State of Hunger 2019: A study of poverty and food insecurity in the UK

Year of publication
2019
Author
Trussell Trust
Abstract

The State of Hunger is a three-year research project designed to provide the Trussell Trust, and the wider sector of stakeholders, with the evidence base required to make recommendations on how to address hunger in the UK. A wide range of methodologies is therefore employed to provide a better understanding of how many people are affected by hunger, which groups of people are most affected, where, and what drives people to use food banks. The results presented in this report will serve as a benchmark for the subsequent two years of the project.

Methodology
A review of literature and expert opinion (The Trussell Trust, 2019)
• A survey of over 1,100 people who have been referred to food banks in the Trussell Trust network across 42 organisations in the network covering the profile, triggers and background to their use of food banks
• A survey of 306 referral agencies in 13 localities about the drivers and local contexts
• A survey of 28 food bank managers on the same issues, and the administration of the food bank user survey
• In-depth interviews with people who have been referred to food banks about their experience and background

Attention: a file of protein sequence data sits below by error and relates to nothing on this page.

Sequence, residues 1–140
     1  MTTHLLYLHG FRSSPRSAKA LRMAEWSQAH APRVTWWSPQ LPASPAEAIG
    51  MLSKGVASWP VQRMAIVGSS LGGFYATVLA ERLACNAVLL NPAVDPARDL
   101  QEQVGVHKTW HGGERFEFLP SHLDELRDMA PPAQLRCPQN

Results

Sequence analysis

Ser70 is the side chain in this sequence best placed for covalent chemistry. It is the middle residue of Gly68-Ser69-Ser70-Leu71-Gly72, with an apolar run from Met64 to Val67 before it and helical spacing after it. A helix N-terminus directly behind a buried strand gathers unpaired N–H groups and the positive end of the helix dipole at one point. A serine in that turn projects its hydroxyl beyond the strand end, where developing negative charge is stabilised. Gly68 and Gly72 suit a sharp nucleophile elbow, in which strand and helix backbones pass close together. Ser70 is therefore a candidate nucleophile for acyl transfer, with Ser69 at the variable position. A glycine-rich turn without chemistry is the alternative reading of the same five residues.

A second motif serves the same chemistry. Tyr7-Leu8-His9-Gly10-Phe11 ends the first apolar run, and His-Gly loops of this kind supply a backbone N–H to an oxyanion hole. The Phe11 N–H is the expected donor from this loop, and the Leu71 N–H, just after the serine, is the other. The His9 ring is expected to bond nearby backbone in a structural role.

• Statistical modelling of the drivers of food parcel take-up.

Findings: key drivers
Benefits – inadequacy, gaps and reductions
Challenging life experiences or ill health
Lack of informal support

Policy implications
A number of key areas to be addressed include:
• The general level of working age benefits and their erosion through the benefits freeze and cuts to entitlements
• Problems with Universal Credit, particularly the five week wait
• The benefit sanctions regime and assessments for health, disability, and work capability
• Rules on deductions from benefits, including the rate of repayments
• The availability of key worker support for adults with complex needs at high risk of destitution
• Stronger emergency local welfare provision, driven by minimum standards – particularly in England.

 
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